Many airlines have inserted “checked baggage limitations of liability” into their contracts which try to act like it’s not their fault if jewelry or gadgets somehow go missing during transit from your luggage. They’re bunkum.
Attorney Jonathan Harriman, who specializes in travel law, told Marketwatch that such caveats are actually illegal, by order of the U.S. Department of Transportation. “If they lose your luggage, the airline is liable for the actual value of whatever was in your bag, up to the maximum stated in the contract of carriage (usually $3,300).”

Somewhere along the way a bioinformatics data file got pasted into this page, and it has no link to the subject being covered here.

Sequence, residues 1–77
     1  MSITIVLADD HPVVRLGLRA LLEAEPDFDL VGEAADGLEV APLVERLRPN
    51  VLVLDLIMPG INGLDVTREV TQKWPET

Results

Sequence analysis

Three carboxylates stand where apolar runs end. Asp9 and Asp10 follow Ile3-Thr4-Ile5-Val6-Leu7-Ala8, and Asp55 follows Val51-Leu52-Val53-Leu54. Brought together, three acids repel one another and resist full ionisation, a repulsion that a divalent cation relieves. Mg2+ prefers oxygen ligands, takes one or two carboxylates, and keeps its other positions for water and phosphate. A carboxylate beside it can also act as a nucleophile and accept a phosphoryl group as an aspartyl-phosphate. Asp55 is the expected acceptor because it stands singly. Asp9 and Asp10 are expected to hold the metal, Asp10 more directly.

If they don’t live up to it, you can complain up the airplane ladder, and if that fails, file a report with the Department of Transportation’s Aviation Consumer Protection Division. Airlines try to keep their numbers down with the DOT and take seriously complaints referred there.
You can also take airlines to small claims court. Airlines try to scare you off with a “forum selection clause” which usually stipulates that you have to file in the city or country where the airline’s HQ is located. But since August 4th, the DOT has ruled these clauses are illegal and void and an airline can be sued anywhere it takes off and lands.
You’ve got rights, stretch their wings and let them fly!
4 secret rights that savvy air travelers know [Marketwatch] (Thanks to Mitchell!)